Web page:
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swer them. The late king appreciated painting and music with
a real feeling of what was excellent in both. Handel was his
favourite musician, and it will be remembered (to his honour) that
for thirty years he employed Mr. West when that admirable artist
had no commission from

any
other

person.
Of the disposition of his present Majesty to encourage what-
ever is connected with the dignity and honour of the country it would
be superfluous to speak : the Royal Academy contains munificent
proofs of his liberality to the arts. The sense of the legislature
too has been distinctly pronounced by the purchase of the Elgin
Marbles, an act of which the wisdom is becoming every day more
and more evident. Many foreigners have already come into this
island solely for the purpose of seeing these marbles. Casts from
the whole collection have been already sent to Bavaria, to Wirtem-
berg, to Russia : others have been ordered for Florence. The
school of sculpture will soon be in England. We have seen in
our own exhibition the work of Canova beside that of an English-
man, and England might well be satisfied with the excellence to
which her native artist had attained. That national encourage-
ment is asked for painting which sculpture already receives : and
when that encouragement is given, England will assert and win for
herself as high a pre-eminence in art as she holds at this time in
commerce, in science, in literature and in arms.

VOL. XXIII. NO, XLVI.

PP

INDEX

I N D E X

TO THE
TWENTY-THIRD VOLUME OF THE QUARTERLY

REVIEW

the best translation of Aristophanes, exo
A.

tant, 505.
ACBAR (Sultan), memorable inscription on Art (Works of), propriety of introducing
the seal of, 6.

them into churches considered, 586–
Addison, real state of Pope's quarrel with, 592.
419-421.

Athenians (ancient), manners of, 245—dif-
Advice to Julia, a Letter in Rhyme, 505 ferent kinds of bread, made and used hy

—its character, ib. 506—510-descrip- them and by the other Greeks, 246—
tion of a dandy's conversation, 507—of 248—their pastry and confectionary,
London in Autumn, 507, 508-a trip to 249-account of their cooks, 249-254
Margate in the Steam-boat, 508, 509. -and sauces, 254–256different sorts
Albanians, character of, 337—their dances, of fish eaten by them, 256, 257-259-
351.

instances of their love of fish, 259, 260
Alexandria, state of literature at, 137, 138. -account of their fishmongers, 261, 262
Ali, Pasha of Albania, character of, 128. —and of the perfumes used by them,
336, 337.

263, 264-especially of flowers, 264,
Almanach des Gourmands, 245.

265—their wines, 266, 267—water
America, state of churches in, 550, 551- drinkers satirized, 268-general mode of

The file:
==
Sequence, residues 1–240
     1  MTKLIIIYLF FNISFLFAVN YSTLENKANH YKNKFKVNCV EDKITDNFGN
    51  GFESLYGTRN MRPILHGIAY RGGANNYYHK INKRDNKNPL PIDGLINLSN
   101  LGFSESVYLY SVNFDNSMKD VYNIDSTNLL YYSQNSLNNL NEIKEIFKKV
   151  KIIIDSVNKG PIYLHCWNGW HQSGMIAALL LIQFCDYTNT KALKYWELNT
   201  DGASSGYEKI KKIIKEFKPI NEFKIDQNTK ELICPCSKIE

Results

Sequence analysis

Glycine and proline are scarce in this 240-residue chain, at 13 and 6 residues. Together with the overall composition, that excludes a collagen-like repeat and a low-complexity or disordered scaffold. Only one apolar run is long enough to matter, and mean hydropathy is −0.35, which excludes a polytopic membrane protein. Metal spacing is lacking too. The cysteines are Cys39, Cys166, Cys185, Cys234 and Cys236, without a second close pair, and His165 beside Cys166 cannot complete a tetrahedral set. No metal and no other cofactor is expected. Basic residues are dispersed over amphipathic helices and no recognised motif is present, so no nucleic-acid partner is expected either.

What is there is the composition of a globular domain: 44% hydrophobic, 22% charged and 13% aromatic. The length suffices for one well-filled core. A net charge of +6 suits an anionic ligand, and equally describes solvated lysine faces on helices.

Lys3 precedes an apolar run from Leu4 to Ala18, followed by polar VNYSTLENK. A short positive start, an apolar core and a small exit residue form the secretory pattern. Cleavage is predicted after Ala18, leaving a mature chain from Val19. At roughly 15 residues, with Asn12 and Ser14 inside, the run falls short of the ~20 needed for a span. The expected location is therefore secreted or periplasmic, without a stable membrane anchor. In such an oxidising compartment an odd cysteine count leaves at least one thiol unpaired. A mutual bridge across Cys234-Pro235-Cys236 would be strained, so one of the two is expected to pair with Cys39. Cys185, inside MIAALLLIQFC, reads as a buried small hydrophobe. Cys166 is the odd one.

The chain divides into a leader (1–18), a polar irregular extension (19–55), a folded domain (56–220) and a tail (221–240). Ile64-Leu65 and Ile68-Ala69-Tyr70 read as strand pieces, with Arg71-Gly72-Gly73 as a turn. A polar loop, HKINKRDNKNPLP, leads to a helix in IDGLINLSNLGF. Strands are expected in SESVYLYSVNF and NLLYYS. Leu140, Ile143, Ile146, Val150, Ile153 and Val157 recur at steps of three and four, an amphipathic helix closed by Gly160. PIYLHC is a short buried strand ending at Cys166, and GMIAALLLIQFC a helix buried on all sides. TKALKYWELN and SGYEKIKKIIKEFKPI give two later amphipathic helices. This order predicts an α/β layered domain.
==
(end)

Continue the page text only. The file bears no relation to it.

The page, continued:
disregard of divine worship by the Ame. living among the citizens of Athens, 269
rican Convention, 551, note.

- their clubs and pic-nic parties, 270–
Ames (Fisher), on the liberty of the press, of the repasts of the common Athenians,
578.

271–274-curious political salad, 275
Andainan Islanders, account of, 81.

-banquets of the higher classes, 276–
Anne (Queen), state of affairs at her acces- 278.

sion, 9, 10--composition and character Athenians (modern), character of, 340, 341.
of her ministers, 10, 11-violence of Athos (Mount), account of the monastery
party, 19--her letter to the Duke of of, 345–347.
Marlborough, against his resigning his Autumn near the Rhine, 434—eharacter
command in chief, 20-her reflection on of, 436. See Germany.
the battle of Blenheini, 30—-cabal among Autumn in London, poetically described,
her ministers against the Duke of Marl- 507, 508.
borough, 43---ber duplicity to him, 50—

B.
her death, 69—-for the principal military Banquets of the Athenians, account of,276
events in hier reign, see Marlborough -278.
(Duke of).

Barber (Mr. Alderman), anecdote of, 423.
Arabs, instance of the treachery of, 279. Baths, effect of the inordinate use of, on
Aristophanes, extracts from the comedies the constitutions of the modern Greek
of, 254, 255. 260. 262. 268. 271–278.

women, 352.
comedies of, translated by Battles of Schellenberg, 24, 25—of Blen-
Mr. Mitchell, 474--principles of the heim, 28-of Ramilies, 40—of Oudenard,
Aristophanic Comedy, 475—incidents of 53—of

Maplaquet, 59, 60.
his Thesmophoriozousæ,476,477_origin Bavaria (Elector), defeated by the Duke of
of the Acharnians, 477—and of the

Marlborough at Schellenberg, 24, 25
Knights, 477, 478-plot of the Achar-

his negociations with the duke, 26—his
nians, 485-—-translation of a scene omitted

country given up to military execution,
by Mr. Mitchell, 186—189---principles 27-and completely subdued by the
of translation, developed and applied to battle of Blenheim, 30.
a translation of Aristophanes, 480_485. Bellamy (John), New Translation of the
489, 490--general character of Mr.

Bible, Part II. 287-additional proofs
Mitchell's translation, 474-exanzination of his unfitness for the work, ib. 288.
of the execution of particular parts, with -refutation of his assertion, that Jerome
specimens, 491–501—this decidedly! made his Latin translation from the

Greek

Greek and not from the Hebrew, 292, Brewster (Rev. John), Sketch of the His-
293—and that all modern European tory of Churches, 549.
translations have been made from ibe Burgess (Sir James), Reasons in favour of
Septuagint aud Vulgate, 294—298—his a New Translation of the Bible, 287–
slander of the English Universities dis- his abuse of the Quarterly Review, 289
proved, 299, 300—and also his assertion -specimens of his ignorance and un-
that there was not a single critical He- fairness, 289—291-refutation of his
brew scholar among the translators of the assertion that Jerome executed his Latin
authorized version, 301-304—speci- version of the Old Testament from the
mens of his blunders, 307-317-his Greek and not from the Hebrew, 293,
utter incompetency for the task he has 294—wilful blunder respecting the au-
undertaken, 324, 325.

thorised translators of the Bible, 303